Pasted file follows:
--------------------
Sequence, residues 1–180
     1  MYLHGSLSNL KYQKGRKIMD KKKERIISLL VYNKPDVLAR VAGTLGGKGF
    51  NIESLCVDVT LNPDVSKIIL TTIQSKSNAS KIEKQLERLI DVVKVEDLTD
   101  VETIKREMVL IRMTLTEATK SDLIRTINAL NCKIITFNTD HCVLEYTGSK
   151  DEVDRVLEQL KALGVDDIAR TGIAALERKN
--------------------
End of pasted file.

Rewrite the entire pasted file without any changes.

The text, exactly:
Sequence, residues 1–180
     1  MYLHGSLSNL KYQKGRKIMD KKKERIISLL VYNKPDVLAR VAGTLGGKGF
    51  NIESLCVDVT LNPDVSKIIL TTIQSKSNAS KIEKQLERLI DVVKVEDLTD
   101  VETIKREMVL IRMTLTEATK SDLIRTINAL NCKIITFNTD HCVLEYTGSK
   151  DEVDRVLEQL KALGVDDIAR TGIAALERKN